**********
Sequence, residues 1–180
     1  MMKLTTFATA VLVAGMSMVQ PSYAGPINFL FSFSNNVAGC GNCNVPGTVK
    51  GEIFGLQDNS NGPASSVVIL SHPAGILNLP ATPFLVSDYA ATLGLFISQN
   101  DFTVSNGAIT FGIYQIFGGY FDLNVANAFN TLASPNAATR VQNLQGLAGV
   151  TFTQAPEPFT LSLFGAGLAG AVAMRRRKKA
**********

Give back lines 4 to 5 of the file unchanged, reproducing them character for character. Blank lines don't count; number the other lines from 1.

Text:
   101  DFTVSNGAIT FGIYQIFGGY FDLNVANAFN TLASPNAATR VQNLQGLAGV
   151  TFTQAPEPFT LSLFGAGLAG AVAMRRRKKA